Again, more at the link – and very worthwhile reading. Bold print is my emphasis.

Friends, I’ve been warning of dark times to come for many months now. Some people still believe I’m way too negative, that things will somehow magically ‘be all right’. I’m afraid not. What you’re seeing right now is the inevitable result of years – decades! – of laissez-faire deregulation and the resulting liberation of banksters’ greed. The financial chickens hatched during those years are now coming home to roost.

Get under cover and stay there, folks. This is going to be a wild ride.



  1. Peter… your analysis is frightening, and I cannot find fault with it.

    A request: If you have thoughts on how best for an average Joe to weather the storm, could you post them?

  2. I have to admit, I don't understand the 1.4 quadrillion thing. How can there even be that much volume to the world economy? I mean, the US National Debt is "only" 14 trillion, 1.4 quadrillion is a hundred times that.

    That's like, "buying whole countries and all their infrastructure" money.

    Is it all made up?

  3. perlhaqr – Yes, it's all pretty much made up. Derivatives are, as I understand it, high stakes bets on other investments. It's like comparing the purse for a horse race against the amount of money that's bet on the race.

    Now y'all excuse me while I go buy a few years worth of clothing and shelf-stable food.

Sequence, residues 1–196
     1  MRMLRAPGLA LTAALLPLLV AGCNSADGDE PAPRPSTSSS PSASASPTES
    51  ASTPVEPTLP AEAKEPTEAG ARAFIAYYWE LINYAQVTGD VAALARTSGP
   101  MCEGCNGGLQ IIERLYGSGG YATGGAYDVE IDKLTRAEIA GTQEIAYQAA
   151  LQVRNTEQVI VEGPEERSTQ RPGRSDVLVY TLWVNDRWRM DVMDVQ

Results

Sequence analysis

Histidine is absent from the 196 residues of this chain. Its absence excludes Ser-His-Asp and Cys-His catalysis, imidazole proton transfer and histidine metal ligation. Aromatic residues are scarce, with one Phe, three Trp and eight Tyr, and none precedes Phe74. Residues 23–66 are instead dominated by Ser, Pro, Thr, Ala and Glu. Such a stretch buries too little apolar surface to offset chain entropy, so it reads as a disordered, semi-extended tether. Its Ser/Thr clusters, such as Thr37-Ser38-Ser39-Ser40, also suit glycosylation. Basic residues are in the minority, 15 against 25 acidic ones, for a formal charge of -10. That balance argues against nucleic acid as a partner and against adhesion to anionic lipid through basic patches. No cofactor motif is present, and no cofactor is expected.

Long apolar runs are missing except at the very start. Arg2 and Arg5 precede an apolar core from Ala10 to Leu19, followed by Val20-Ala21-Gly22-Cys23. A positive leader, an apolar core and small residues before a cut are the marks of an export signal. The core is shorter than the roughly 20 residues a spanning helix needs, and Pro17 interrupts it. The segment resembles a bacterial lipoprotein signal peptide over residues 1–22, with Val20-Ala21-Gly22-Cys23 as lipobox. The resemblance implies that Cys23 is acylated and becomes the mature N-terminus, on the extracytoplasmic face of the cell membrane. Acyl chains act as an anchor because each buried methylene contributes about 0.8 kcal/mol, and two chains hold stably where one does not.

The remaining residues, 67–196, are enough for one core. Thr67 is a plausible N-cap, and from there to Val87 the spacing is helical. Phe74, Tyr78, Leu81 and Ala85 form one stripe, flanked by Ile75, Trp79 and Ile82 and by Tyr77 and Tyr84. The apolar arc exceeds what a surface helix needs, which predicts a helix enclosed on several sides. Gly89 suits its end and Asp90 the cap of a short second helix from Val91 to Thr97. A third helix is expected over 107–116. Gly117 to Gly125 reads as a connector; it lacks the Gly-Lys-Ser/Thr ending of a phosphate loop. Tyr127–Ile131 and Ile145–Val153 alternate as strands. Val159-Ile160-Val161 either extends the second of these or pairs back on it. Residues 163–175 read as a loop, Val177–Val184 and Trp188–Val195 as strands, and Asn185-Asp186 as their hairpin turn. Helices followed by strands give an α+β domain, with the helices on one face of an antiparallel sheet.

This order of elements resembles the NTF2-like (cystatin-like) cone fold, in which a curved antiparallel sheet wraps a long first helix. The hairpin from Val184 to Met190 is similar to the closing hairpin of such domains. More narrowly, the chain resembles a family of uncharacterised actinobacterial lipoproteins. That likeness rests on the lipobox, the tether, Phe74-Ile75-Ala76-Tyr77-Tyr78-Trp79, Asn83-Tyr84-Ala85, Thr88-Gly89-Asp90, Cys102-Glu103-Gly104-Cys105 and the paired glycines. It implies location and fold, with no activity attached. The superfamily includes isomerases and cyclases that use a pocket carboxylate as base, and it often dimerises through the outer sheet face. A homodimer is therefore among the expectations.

4. Joe in PNG, it's not 1914, it's 1930. The world looked – briefly – like it was weathering the crisis, when in fact the second round was going to be way worse.

    The question then – as now – is what happens politically in Europe, because die Deutsche Volk were sick of being milked.

    We know that they can go from zero to Jackboots in five years, and even Merkel is warning about that today.

  5. Actually, it feels more like Russia in 1991 or Germany in 1920. We're at the end of something, but at the top of another, more violent drop.

  6. I would like to second CartechO's request, Peter: do you have any suggestions how the average American can prepare for the coming crisis? My husband is self-employed and has lost more than 30% of his clients due to the economy in the last six months alone. Since I (finally) got a full-time job four months ago (after being underemployed for more than five years) we have managed to slowly reduce the credit card debt acquired while I went to college (I didn't qualify for much aid and didn't want to get student loans) by living below our means, but cost-of-living increases are making this ever more difficult. How can we possibly prepare for what's coming??